Random spot ACR have been used and there is evidence that they can adequately predict 24 h urinary protein loss in diabetics and others with kidney disease . However, there are no studies known to us that shows this in healthy individuals. Previous studies have shown that U-Alb varies not only between day and night, but during the day as well, and this variability must be taken into consideration when interpreting the results [9, 36]. Overnight samples have a longer collection period than day-time spot samples, and physical activity, posture and intake of fluids varies less during the night than in the day. Therefore we believe that ON samples are to prefer over random day-time samples when evaluating U-Alb. As expected, there was a significant difference in concentrations and excretion rates of creatinine (data not shown) and ACR between men and women. This is known to be caused by higher muscle mass in men [37–39]. Although ON UF was positively correlated with ON creatinine excretion rate, UF did not have any impact on ACR. ON ACR was the only albumin measure we found to correlate with age [40, 41], probably due to lower muscle mass at higher age.
ON ACR, which is widely used for screening purposes, showed a somewhat higher correlation with 24 h AER (R2 = 0.44) than did ON UAC. ON ACR is relatively easy to collect and measure, which makes it suitable to use for screening and follow up in individual patients [6, 42–44]. Lambers Heerspink et al. showed that first morning ACR was just as good as 24 h AER for prediction of cardiovascular disease , and suggested that this may be due to many errors in collection of 24 h samples. However, ACR may generate some falsely high ACR levels in patients with low muscle mass and hence low creatinine excretion . ACR is a well-established measure, but has not been studied in all populations, and most of the available data are on diabetics.
There was no difference between 24 h and ON ASG, probably because ON SG was significantly higher than 24 h SG (Table 2). Thus, adjusting for SG did not capture the true difference between ON and 24 h AER.
ASG is sensitive to hematuria and glucosuria, since they affect specific gravity [45, 46]. On the other hand, we found little or no correlation between ASG and other variables in this study, such as age, sex, and body mass.
Although its routine use is rare, ASG could be used instead of ACR, especially in situations where creatinine excretion varies due to factors such as changes in body composition and protein intake . However, SG may be affected by intake of certain food, like salt. Elkins et al. also found that creatinine adjustment is more suitable for very diluted or concentrated samples .
A strength of this study is the fact that separate ON and 24 hour samples were collected; that is, the ON sample was not included in the 24 hour sample . U-Alb is known to have intra-individual variation of 44-85 % (between days), depending on sample types [40, 48–50]. Despite this variability, we could show a difference between ON and 24 h samples collected on separate days. If the ON sample had been a part of the 24 h sample, we would have had better power to quantify differences between ON and 24 h samples.
The samples were collected when the study subjects were hospitalized, which reduced the risk of contamination and collection errors. It is often recommended that very concentrated (U-Crea>3 g/L) or dilute (U-Crea<0.3 g/L) samples should be excluded, since the validity of such samples could be questioned. However, in the present study, such urine samples were included, since one of the aims was to study the impact of UF on albumin excretion.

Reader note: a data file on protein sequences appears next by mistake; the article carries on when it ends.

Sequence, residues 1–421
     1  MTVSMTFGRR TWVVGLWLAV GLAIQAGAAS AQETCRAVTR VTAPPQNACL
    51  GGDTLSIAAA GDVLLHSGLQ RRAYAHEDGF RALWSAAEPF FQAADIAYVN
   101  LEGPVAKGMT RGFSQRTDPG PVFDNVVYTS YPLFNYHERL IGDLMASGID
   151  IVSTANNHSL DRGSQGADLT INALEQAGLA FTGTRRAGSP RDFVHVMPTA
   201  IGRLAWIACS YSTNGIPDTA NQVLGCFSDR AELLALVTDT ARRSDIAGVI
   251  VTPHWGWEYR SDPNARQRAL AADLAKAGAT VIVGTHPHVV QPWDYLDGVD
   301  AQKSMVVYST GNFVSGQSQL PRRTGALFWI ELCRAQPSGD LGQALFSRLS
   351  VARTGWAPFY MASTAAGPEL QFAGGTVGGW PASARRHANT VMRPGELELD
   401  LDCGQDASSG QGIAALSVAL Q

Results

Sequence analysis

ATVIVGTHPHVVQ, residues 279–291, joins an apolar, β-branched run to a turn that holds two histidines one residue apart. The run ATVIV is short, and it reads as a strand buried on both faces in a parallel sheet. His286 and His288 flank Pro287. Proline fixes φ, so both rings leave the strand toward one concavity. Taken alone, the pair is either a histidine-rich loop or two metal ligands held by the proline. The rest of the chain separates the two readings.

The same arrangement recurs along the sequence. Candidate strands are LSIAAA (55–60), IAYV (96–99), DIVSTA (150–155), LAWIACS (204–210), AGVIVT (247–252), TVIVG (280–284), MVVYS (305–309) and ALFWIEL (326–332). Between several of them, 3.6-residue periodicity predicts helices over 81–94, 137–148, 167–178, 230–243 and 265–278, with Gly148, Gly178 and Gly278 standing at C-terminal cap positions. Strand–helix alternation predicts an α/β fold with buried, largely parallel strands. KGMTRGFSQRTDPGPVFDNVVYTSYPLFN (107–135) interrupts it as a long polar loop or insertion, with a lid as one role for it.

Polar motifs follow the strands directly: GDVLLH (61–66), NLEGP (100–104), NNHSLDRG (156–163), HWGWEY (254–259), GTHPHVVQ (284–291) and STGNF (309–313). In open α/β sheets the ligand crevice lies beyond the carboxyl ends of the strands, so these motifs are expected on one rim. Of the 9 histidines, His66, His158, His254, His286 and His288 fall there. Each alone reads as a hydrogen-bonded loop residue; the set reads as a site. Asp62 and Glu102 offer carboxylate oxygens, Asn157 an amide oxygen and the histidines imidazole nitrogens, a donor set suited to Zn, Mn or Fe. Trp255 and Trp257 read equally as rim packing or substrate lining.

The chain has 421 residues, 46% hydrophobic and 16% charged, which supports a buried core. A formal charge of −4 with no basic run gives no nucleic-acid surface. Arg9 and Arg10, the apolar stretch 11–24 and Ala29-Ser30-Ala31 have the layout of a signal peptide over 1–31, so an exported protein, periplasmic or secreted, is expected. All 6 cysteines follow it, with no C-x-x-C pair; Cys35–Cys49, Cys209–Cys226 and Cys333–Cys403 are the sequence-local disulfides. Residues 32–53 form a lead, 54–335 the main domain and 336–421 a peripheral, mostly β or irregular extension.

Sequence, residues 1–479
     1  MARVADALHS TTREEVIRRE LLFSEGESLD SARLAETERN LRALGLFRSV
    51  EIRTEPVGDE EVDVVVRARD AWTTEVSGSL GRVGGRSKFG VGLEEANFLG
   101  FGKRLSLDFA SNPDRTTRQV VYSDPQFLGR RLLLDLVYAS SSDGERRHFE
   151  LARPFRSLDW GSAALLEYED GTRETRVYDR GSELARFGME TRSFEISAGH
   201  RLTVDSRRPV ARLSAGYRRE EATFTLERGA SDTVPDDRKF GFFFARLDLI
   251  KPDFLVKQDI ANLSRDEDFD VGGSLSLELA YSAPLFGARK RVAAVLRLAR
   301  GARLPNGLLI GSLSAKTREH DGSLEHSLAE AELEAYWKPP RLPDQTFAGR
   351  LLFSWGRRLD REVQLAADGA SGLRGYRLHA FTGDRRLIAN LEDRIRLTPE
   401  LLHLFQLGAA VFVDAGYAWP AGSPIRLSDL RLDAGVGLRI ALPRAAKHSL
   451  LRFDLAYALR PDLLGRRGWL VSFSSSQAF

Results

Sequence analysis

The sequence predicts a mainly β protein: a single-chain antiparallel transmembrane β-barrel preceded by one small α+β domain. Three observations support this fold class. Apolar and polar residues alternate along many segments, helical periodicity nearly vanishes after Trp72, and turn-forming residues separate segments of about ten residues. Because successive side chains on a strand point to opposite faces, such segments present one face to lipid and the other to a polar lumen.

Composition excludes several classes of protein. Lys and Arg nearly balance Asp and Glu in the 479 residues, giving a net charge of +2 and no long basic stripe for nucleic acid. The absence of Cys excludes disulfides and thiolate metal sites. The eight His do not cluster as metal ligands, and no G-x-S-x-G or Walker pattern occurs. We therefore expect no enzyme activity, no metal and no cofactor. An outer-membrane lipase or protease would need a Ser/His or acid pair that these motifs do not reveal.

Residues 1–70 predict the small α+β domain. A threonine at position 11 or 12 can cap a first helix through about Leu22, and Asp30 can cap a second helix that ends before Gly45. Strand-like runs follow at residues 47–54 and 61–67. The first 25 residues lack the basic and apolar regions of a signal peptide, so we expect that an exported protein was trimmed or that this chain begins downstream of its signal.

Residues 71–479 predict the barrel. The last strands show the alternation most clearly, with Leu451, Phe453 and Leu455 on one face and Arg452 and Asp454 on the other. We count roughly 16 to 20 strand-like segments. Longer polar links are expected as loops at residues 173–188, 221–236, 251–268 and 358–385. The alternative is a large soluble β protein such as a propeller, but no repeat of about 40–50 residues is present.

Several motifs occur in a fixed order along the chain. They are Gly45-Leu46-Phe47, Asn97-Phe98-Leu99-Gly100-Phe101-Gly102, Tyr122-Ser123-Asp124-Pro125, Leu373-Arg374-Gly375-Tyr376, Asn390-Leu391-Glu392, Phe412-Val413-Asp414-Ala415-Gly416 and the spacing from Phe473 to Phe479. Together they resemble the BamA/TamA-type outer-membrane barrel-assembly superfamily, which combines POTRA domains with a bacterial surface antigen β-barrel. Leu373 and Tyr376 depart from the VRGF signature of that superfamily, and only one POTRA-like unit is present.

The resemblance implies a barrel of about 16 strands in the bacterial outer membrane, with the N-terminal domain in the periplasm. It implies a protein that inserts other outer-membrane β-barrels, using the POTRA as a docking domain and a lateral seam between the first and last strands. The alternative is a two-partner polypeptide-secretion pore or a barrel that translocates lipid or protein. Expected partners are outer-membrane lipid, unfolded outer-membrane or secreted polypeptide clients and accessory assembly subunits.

The albumin concentrations were analyzed in fresh urine samples. It has been shown that freezing and thawing of urine can underestimate and increase the variability of measured U-Alb.
Another strength is the fact that we had data on measured GFR. To the best of our knowledge, associations between GFR and U-Alb in healthy subjects have not been reported previously. Estimated GFR (eGFR) is widely used, and there are several different equations to obtain this measure. It is however important to remember that while it is useful for population studies, eGFR is a blunt tool for use in individual patients.
A limitation is the fact that the study was performed on kidney donors, who are somewhat ‘more healthy’ that a general population sample. People with diabetes, hypertension, or kidney disease were not included in our sample. On the other hand, as shown in Table 1, our sample was diverse enough to include a person of 70 years of age and a long-term heavy smoker.
The 24 h AER is the gold standard, even though other measures of U-Alb may work relatively well. ON AER will underestimate the 24-hour albumin excretion, probably due to nocturnal hypotension and subsequent reduction of glomerular filtration pressure. In addition, GFR and body mass are positively associated with AER and ACR. The differences between the various estimates of albumin excretion are large enough to be worth considering in scientific studies in healthy adults.
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The pre-publication history for this paper can be accessed here:http://www.biomedcentral.com/1471-2369/16/8/prepub
The authors thank Elisabeth Fabricius-Lagging, MD, and Cecilia Modigh, MD, for help with the data collection. This project was funded by the Swedish state under the agreement between the Swedish government and county councils concerning economic support for research and education of doctors (ALF-agreement).
The authors declare that they have no competing interests.
PF contributed to analyzing the data and drafting the article. GS contributed to the conception and design of the study and the interpretation of results. MA and BH analyzed and interpreted the data. Finally, LB contributed to the conception and design of the study and the interpretation of results. All authors read and approved the final manuscript.
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Fagerstrom, P., Sallsten, G., Akerstrom, M. et al. Urinary albumin excretion in healthy adults: a cross sectional study of 24-hour versus timed overnight samples and impact of GFR and other personal characteristics. BMC Nephrol 16, 8 (2015). https://doi.org/10.1186/1471-2369-16-8
- Glomerular filtration rate
- Urinary albumin
- Timed urine samples
- 24-hour samples
- Overnight samples